Publication Date

April 2010


Barbara Juhasz




English (United States)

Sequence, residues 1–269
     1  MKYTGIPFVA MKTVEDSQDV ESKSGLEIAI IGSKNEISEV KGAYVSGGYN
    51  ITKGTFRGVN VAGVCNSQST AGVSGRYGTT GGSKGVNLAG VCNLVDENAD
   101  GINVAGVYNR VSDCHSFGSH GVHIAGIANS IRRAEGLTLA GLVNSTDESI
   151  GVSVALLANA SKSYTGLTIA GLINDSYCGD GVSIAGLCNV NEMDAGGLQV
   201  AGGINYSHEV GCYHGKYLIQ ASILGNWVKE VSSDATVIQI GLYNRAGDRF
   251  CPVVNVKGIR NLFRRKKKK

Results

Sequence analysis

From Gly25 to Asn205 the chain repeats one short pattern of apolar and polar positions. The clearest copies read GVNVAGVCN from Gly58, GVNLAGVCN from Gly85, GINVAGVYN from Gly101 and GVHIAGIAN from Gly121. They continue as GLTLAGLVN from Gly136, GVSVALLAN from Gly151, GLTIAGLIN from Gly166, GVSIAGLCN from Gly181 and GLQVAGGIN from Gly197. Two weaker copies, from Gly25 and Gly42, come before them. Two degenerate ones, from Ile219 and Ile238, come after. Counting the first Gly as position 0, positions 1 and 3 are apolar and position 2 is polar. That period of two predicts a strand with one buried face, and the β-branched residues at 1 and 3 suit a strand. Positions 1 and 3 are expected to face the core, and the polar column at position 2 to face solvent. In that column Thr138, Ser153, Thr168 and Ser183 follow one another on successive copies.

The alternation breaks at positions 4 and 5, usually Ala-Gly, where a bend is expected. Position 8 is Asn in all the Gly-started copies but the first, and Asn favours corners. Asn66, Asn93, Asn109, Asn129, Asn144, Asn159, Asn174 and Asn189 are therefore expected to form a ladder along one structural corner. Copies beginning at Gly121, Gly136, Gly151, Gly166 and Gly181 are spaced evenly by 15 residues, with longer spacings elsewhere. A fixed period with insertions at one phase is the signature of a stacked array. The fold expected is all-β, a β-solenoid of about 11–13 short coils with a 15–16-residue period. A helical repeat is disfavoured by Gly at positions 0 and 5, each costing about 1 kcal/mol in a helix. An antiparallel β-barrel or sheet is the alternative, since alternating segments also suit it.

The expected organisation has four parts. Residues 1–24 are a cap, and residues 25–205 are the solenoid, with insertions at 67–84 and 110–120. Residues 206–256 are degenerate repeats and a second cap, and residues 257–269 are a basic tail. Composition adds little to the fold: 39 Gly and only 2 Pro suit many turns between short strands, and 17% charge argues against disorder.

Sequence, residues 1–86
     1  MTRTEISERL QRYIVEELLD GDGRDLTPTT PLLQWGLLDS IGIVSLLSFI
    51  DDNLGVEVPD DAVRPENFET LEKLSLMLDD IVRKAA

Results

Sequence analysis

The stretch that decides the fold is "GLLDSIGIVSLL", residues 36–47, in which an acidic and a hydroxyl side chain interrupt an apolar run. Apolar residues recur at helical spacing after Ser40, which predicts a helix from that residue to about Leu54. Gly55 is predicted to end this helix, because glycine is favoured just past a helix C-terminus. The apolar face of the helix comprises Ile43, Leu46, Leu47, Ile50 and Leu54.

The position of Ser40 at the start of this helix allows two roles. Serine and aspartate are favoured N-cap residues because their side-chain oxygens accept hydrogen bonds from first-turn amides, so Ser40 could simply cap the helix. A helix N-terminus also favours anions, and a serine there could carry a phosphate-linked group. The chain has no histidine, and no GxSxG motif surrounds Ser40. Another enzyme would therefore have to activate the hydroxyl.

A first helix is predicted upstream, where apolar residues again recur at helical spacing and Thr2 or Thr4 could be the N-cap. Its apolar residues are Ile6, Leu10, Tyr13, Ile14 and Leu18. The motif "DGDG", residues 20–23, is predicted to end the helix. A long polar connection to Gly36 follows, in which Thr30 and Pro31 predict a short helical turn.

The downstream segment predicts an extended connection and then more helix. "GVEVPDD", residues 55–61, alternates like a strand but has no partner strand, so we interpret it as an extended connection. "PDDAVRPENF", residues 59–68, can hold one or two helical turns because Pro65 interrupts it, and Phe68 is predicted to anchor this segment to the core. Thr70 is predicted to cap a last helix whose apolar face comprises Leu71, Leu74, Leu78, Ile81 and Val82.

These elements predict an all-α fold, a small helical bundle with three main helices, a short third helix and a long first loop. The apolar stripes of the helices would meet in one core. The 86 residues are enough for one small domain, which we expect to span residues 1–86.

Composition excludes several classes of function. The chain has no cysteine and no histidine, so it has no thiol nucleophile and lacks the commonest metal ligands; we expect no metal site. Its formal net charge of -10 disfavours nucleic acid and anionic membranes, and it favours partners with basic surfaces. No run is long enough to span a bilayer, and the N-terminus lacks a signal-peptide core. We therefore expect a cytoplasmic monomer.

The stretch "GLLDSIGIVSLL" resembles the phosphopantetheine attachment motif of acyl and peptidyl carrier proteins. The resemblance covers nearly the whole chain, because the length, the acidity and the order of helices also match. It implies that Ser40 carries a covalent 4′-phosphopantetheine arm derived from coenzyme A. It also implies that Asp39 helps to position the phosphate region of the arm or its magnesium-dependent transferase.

One variable that affects word processing is concreteness, the degree to which a word’s referent can be experienced by the senses. Concrete words tend to be processed more quickly than abstract words. The dual-coding theory states that processing is aided by image-based representations of words, whereas the context availability model holds that concrete words are processed more easily because they have stronger associated contextual information. This is the first study to test the context availability model by tracking eye movements in a reading task. Participants read abstract and concrete words in predictable and neutral sentences. The results showed a main effect of context and of concreteness. This finding contradicts the prediction of the context availability model that equivalent amounts of contextual information nullify the effect of concreteness. The results support the strategic imagery hypothesis, which states that imagery is used when it is helpful in completing a task.



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